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In a complaint by the Consumer Financial Protection Bureau and the Department of Justice, a New Jersey bank has been ordered to pay $33 million for illegal discriminatory lending practices.
The CFPB and DOJ allege that Hudson City Savings Bank withheld mortgage loans from residents in black and Hispanic neighborhoods, according to a CFPB news release.
The Dodd-Frank Wall Street Reform and Consumer Protection Act authorizes the CFPB to take action against creditors engaging in discrimination in violation of the Equal Credit Opportunity Act (ECOA). The practice of denying services to residents of areas based on their race or ethnicity is known as redlining.
Paramus-based Hudson City is a federally-chartered savings association with 135 branches and assets of $35.4 billion.
If the proposed consent order is approved by the U.S. District Court, Hudson City will pay $25 million in direct loan subsidies to qualified borrowers in affected communities, $2.25 million in community programs and outreach, and a $5.5 million penalty.
The CFPB said the Hudson City case is the “largest redlining settlement in history to provide such direct subsidies.”
“We allege that Hudson City’s redlining practices illegally cut off opportunities for consumers in predominantly black and Hispanic neighborhoods to get a mortgage and achieve the dream of homeownership,” said CFPB Director Richard Cordray in a statement. “Without access to affordable credit, neighborhoods deteriorate in the long shadow cast by unfair lending. Today’s action seeks to remove the redline by bringing more than $27 million in mortgage subsidies and outreach programs, along with new bank branches to the communities who should have had access from the beginning.”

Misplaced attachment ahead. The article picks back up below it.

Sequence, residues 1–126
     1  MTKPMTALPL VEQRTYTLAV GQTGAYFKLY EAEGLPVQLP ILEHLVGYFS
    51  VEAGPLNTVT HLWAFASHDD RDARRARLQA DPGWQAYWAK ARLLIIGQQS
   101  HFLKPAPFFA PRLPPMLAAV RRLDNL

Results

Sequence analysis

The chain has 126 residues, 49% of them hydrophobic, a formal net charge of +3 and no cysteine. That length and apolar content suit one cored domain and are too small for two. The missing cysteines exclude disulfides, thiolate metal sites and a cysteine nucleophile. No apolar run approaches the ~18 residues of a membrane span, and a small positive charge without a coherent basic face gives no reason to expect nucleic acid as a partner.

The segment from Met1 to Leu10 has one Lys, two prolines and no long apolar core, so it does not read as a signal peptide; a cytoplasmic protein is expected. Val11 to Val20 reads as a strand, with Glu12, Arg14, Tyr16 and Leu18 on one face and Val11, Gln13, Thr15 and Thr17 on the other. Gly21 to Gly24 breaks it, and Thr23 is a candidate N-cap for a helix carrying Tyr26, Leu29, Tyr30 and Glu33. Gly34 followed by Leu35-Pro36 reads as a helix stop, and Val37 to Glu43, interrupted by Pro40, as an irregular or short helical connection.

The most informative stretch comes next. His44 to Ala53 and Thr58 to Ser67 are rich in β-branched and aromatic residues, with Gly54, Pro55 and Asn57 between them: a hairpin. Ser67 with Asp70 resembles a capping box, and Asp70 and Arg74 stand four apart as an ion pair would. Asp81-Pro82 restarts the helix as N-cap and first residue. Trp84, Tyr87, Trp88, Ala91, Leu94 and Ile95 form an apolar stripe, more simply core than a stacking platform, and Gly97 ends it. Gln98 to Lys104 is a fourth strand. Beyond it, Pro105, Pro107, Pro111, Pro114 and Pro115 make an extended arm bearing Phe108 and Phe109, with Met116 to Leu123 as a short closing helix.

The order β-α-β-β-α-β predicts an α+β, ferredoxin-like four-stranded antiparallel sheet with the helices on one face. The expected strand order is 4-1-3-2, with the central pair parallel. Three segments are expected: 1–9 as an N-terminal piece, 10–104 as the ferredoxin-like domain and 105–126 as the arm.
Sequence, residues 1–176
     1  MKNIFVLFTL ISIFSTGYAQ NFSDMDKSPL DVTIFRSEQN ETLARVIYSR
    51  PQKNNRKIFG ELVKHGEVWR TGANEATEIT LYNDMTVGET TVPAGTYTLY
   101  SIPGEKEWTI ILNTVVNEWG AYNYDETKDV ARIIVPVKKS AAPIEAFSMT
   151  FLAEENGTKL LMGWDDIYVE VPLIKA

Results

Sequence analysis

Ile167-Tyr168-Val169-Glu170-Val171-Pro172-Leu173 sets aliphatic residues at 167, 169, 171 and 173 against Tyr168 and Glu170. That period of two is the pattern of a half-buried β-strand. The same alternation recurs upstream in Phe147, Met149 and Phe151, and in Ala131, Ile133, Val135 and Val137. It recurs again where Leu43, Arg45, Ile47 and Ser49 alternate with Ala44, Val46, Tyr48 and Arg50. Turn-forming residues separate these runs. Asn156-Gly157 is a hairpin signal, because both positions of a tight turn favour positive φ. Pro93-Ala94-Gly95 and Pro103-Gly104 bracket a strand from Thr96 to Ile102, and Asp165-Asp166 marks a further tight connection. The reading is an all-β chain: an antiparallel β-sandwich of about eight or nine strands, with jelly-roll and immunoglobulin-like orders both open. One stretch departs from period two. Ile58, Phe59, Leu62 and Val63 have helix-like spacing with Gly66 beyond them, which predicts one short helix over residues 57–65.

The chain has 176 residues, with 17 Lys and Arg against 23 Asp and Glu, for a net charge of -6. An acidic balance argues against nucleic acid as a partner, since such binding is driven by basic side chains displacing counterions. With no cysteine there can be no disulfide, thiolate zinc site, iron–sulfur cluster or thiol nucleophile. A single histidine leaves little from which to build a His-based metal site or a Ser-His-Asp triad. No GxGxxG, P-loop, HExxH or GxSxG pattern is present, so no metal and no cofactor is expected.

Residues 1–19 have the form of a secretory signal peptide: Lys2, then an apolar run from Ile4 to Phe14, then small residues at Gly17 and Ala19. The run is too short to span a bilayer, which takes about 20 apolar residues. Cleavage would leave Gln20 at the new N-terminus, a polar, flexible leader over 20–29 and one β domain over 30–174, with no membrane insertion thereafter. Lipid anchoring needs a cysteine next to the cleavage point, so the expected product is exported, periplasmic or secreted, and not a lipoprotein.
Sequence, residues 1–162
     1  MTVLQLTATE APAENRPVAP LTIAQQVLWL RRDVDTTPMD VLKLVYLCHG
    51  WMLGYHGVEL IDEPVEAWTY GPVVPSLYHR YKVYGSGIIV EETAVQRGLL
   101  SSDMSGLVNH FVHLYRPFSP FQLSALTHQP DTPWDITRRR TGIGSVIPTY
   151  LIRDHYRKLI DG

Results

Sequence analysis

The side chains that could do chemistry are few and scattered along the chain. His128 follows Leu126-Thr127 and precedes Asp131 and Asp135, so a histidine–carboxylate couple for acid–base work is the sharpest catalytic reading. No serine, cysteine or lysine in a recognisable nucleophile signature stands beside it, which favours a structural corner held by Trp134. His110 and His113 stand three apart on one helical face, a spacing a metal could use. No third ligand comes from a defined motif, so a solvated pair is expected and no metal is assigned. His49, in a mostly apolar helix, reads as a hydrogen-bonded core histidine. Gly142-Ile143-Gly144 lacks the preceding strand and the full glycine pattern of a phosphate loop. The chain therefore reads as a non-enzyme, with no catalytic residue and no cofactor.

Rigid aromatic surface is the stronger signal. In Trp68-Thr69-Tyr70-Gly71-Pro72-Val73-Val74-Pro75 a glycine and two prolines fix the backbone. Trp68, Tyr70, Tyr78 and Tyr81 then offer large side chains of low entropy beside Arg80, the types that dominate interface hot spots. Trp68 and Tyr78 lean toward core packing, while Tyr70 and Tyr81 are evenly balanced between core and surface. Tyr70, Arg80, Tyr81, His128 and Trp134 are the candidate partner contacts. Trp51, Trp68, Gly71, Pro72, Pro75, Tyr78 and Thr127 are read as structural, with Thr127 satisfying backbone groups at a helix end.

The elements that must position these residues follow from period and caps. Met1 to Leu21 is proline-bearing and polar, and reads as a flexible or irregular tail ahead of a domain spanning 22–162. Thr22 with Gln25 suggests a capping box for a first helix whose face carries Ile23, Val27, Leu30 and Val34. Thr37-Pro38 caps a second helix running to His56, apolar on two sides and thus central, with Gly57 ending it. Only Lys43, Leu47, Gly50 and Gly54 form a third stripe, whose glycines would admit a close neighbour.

The CFPB said between 2009 and 2013, Hudson City Bank purposefully avoided locating its branches and loan officers in neighborhoods that had a significant African-American or Hispanic population. Instead, it focused on setting up branch offices in predominantly white, affluent suburbs.
The bank also avoided using mortgage brokers in black and Hispanic areas, excluded them from its marketing strategy and left the minority groups out of its credit assessment areas.
“There is no room for such behavior in our banking system,” said U.S. Attorney Paul J. Fishman of the District of New Jersey. “In addition to paying $25 million for a loan subsidy program, today’s settlement agreement will require the bank to take a number of concrete steps to ensure that they improve access to responsible and affordable credit to qualified borrowers in black and Hispanic neighborhoods.”
In addition to the $33 million Hudson City will have to pony up for its discriminatory lending practices, it has been ordered to offer full-service banking in majority-black and Hispanic communities and develop a fair lending compliance and training plan.
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